This is also the main culprit for iTimeZone for iPad not shipping, I didn't want to ship another big release without fixing this feature.

70,000 More Cities, Fastest Searches Ever
Users always ask for more cities, even the tinniest cities, so I want to give them that. iTimeZone 1.4 is using the biggest city database my existing data provider freely offers. When you increase the size of your data by 4.5X, query performance usually goes down. I saw a decrease in search times putting the new database in 1.3, not even making some of the other changes I wanted to for grouping results.

Grouping the results really slowed things down, and I hate waiting for a device to give me data. Since I was partially refactoring the database controller for the location querying requirements, I just decided to go the whole way to get the maximum parallelism I could using modern OS structures, NSOperationQueue and NSOperation, instead of a query thread with critical section locks in numerous methods. On iPhone 4 and iPhone 3GS with iOS 4.x, a queries first result returns in 1-2 seconds, with lower importance results streaming in a little later.

User Experience Improvements
All of the above are certainly UX improvements, but this part is purely about app flow. In iTimeZone 1.3, when you first opened the app, you immediately got herded into the "Find Current City" screen. If location detection didn't work for you, you had a really bad experience. Now, the app loads into the main screen with some simple directions for the user on what to do. There are a couple other places this happens as well, I think by going just a little slower, the app feels better because users understand the spatial model of the app as soon as the open it. The previous approach could be categorized as "why are you prepared, just go".

The other feature I am constantly asked about is how to change the current city. For a long list of releases, if the user double-tapped any city in their list, it would swap places with the current city. There were also specific buttons in a couple that could be tapped on, but not on the main screen. Problem with a gesture like that, users have to know it's there. So I added a tip on the bottom of the user's city list table telling them how to change the current city. I will definitely be tweaking this again in upcoming releases, maybe implement something on swipe as well, but I hope this makes it more obvious.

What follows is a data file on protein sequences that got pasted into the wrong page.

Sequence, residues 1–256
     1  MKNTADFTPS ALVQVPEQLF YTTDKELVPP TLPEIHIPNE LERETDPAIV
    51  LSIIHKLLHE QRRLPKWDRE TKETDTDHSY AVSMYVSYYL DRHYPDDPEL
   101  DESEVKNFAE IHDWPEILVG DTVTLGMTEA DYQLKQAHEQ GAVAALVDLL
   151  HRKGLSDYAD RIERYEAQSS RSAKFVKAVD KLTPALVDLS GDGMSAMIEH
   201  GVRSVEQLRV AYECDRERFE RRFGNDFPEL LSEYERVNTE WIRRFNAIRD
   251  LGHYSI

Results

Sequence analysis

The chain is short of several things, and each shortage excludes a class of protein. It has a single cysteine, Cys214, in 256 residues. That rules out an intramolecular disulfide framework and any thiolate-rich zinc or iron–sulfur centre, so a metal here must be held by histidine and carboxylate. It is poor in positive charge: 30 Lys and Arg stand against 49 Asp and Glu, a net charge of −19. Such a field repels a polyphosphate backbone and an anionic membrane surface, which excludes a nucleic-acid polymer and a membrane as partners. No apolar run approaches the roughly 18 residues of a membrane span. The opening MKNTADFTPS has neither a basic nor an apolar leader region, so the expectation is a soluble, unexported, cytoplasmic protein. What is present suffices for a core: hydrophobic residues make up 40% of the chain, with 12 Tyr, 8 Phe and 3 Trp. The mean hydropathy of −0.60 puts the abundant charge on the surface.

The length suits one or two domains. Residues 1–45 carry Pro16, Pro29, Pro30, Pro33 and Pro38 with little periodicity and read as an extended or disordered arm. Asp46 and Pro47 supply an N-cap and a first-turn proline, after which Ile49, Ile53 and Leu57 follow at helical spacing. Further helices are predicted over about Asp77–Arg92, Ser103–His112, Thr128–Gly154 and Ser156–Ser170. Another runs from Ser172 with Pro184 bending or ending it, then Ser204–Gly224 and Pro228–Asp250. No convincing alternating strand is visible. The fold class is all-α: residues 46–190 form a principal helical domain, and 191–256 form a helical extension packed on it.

Pruning The Source
For the source code to remain healthy, some things had to be removed. Upgrading from the 2.5 year old iTimeZone 1.0 user city storage format was dropped. This slowed every app load down, and highly likely no one left in the world is on iTimeZone 1.0.

iTimeZone 1.4 will only support iOS 3.2 and higher, so long 3.1.3. I posted about SQLite versions in iOS the other day because the SQLite build on iOS 3.1.3 is just not working with one of my queries. Every other device I have & simulator with iOS 4.x works great. Don't think I'm going to revisit this, Apple has moved on, so am I.

What Didn't Make It?
iOS 4 for some reason dropped a lot of time zone abbreviation data iTimeZone was using. I'm going to add my own data set for this, including military time zone names, in iTimeZone for iPad 1.0 and iTimeZone for iPhone 1.4.1

What's Next?
A beta release to private testers in the next couple days, more testing, and then start putting the iPad version back together. I have multiple Subversion merges to look forward to.

Tuesday, November 09, 2010

SQLite Versions Correlated to iOS Versions

As part of developing and testing iTimeZone 1.4 (still in development), I ran into an issue that is only reproducible on iOS 3.1.3. I hadn't been paying attention to the version of SQLite that Apple has been shipping with iOS, but I gathered the info to try and see if that might be the cause of the bug I was seeing. Here it is for posterity:

iOS VersionSQLite Version

Wednesday, October 27, 2010

iOS & Mac App Betas Should Be Distributed by the App Store

David Chartier strongly suggested on Twitter that every iOS developer drop what they are doing and sign up for TestFlight, which allows beta testers to download builds of your app over the air.

I had heard of and registered for TestFlight a few weeks ago, but the apps in private beta and I haven't got passed the velvet rope.

After seeing the FaceTime for Mac registration process, it hit me that signing up beta testers should be that easy and handled by Apple. I mean no offense or disruption to the people at TestFlight who sound like they have done amazing work, but this is a job for the App Store itself.

The current Ad Hoc distribution system, which iOS developers use for beta testing, is a huge source of friction. To manage this process, developers have to:

  1. Educate users about what UUIDs are, how to get them, and send them in.
  2. Register a finite number of devices per year on the app store to use for Ad Hoc distribution.
  3. Manage the Ad Hoc provisioning profile to include beta tester devices.
  4. Keep the Ad Hoc profile current on all developer machines.
  5. Distribute the beta build, profile, and instructions on how to get the build into iTunes.
  6. Support strange or busted configurations for testers when things go wrong.
  7. Repeat 1-6 whenever a tester gets a new device or replaces an existing device.

If the App Store handled beta build distribution, here's how it would work:

  1. Tester gives developer their beta tester handle (think like Game Center)
  2. Developer adds that handle to the beta tester tab in iTunes Connect.
  3. Developer uploads beta builds to iTunes Connect.
  4. Tester is notified they've been asked to be a tester for App X. Tester agrees and gets builds through the App Store on device or in iTunes.

This proposal brings the following benefits: